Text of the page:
The LORD commanded Moses to assemble the Mishkan on "the first month in the second year [from the date of the Exodus], on the first day of the month" (i.e., on Nisan 1, or Rosh Chodashim). Since Moses gave the commandment to begin building the Tabernacle on the day after Yom Kippur (i.e., Tishri 11), this implies that it took less than six months for Betzalel and his team to create the Tabernacle and all its furnishings.  According to Pesikta Rabbati, the Mishkan was actually completed on Kislev 25, but God did not want it put up until Nisan 1 (to commemorate the birth of Isaac). The month of Kislev was thus deprived, and God said: "I must compensate it." How did God compensate the month of Kislev? With the dedication of the Temple by the Hashmoneans (on Chanukah). Note further that the Mishkan was consecrated for seven days before God manifested His Presence there. During each of the "seven days of consecration" (beginning on Adar 23) Moses set up the entire Mishkan and offered sacrifices every morning and then pulled it down. On the eighth day (i.e., Nisan 1) he put it up but did not dismantle it again. Moses then anointed all its components with the sacred anointing oil called shemen ha-mishchah (note that the word "mishchah" (מִשְׁחָה) comes from the same root as "Messiah" (מָשִׁיחַ), indicating that the Mishkan would foreshadow God's plan of redemption given in Yeshua) and then formally initiated Aaron and his four sons into the priesthood. The Divine Presence - manifest as the Shekhinah Cloud of Glory – then filled the Holy of Holies in the Tent of Meeting.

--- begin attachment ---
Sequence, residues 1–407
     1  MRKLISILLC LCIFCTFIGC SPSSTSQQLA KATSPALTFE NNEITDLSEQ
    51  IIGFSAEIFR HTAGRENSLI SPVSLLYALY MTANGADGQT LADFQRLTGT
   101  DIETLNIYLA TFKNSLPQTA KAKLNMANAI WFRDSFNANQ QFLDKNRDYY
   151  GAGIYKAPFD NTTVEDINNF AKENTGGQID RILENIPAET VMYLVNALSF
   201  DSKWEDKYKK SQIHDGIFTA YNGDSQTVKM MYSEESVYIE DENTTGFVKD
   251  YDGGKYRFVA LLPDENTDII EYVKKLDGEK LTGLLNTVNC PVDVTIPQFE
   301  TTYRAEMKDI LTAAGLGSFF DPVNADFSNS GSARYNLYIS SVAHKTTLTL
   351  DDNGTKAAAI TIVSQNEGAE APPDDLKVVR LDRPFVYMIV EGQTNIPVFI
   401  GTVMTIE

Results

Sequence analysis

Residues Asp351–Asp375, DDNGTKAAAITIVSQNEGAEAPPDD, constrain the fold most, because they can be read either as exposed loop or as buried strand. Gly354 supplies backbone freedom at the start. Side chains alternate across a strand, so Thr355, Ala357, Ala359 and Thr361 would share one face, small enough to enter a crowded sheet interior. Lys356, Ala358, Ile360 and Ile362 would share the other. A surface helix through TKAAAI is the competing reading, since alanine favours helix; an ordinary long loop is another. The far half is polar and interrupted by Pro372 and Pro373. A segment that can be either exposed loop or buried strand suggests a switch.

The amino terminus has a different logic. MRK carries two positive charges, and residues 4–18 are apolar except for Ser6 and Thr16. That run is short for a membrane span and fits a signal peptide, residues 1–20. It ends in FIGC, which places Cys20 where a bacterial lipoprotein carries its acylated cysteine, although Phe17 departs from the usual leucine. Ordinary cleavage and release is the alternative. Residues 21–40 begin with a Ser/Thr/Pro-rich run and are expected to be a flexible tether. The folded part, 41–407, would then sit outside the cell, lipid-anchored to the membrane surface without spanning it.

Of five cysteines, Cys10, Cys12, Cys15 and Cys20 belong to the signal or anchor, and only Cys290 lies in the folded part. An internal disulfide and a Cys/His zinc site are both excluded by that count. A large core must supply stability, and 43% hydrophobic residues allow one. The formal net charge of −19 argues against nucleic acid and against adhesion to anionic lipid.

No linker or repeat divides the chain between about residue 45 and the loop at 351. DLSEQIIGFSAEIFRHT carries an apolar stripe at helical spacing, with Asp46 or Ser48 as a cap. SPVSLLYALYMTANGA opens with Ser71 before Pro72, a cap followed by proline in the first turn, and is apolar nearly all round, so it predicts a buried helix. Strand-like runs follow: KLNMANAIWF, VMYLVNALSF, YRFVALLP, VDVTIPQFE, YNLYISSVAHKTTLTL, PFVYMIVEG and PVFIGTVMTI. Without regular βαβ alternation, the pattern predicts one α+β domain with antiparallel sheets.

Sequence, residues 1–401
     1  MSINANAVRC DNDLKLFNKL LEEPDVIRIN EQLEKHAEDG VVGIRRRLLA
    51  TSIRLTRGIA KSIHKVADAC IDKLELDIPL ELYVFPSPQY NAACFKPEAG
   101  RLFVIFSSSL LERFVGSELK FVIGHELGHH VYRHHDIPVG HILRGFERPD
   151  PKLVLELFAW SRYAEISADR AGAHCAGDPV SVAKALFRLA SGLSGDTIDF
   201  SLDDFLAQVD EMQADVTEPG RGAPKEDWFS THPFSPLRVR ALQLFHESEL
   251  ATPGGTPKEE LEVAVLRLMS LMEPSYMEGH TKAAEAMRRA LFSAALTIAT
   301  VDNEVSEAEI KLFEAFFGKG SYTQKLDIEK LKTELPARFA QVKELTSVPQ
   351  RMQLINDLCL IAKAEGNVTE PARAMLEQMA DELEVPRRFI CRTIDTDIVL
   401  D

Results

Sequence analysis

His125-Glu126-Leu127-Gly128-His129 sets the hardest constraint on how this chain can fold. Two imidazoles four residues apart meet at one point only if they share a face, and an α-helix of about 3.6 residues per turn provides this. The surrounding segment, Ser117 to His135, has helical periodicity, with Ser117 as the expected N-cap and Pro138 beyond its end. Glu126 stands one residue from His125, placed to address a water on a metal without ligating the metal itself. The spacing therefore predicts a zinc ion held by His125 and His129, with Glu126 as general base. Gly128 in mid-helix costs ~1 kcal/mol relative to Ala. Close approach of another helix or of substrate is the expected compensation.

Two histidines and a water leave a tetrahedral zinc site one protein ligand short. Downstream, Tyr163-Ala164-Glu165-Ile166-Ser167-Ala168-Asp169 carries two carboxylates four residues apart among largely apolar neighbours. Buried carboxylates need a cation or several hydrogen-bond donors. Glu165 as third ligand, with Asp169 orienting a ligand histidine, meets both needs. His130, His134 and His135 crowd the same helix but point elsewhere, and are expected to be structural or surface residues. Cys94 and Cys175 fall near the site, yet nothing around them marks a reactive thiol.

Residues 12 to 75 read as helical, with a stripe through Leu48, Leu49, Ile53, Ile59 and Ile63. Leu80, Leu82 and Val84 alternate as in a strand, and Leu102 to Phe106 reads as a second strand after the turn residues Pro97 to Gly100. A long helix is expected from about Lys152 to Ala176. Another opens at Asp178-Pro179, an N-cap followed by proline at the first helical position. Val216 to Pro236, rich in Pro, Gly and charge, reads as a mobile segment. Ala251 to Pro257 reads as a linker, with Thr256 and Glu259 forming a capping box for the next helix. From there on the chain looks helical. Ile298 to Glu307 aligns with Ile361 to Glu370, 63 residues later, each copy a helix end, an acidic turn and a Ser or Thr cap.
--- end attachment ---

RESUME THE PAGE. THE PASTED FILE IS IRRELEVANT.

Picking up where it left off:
How many people left Egypt during the Exodus?

Our portion this week gives us a clue as to the number of people who left Egypt during the Exodus. According to the sages, over two million people were present at the time the Mishkan was filled with the Divine Presence (less than one calendar year after the Exodus on Nisan 15). They determine this number by the account of the weight of the silver used for the sockets (adonim) of the Mishkan (Exod. 38:25). As mentioned above, a half-shekel tax was imposed on all males from the age of 20 years and up (Exod. 30:13-16). Moses recorded the weight of the silver to be "a hundred talents [i.e., kikars] plus 1,175 shekels. If one kikar equals 3,000 shekels and there were 100 kikars, this amounts to 300,000 shekels. We then add 1,775 to yield 301,775 and multiply by 2 to result in 603,550 men aged 20 or more (see Exod. 38:26). Assuming these were married men with 2 or more children, the total number of people represented by the shekalim reaches two million.

Why is the Tabernacle called the Mishkan?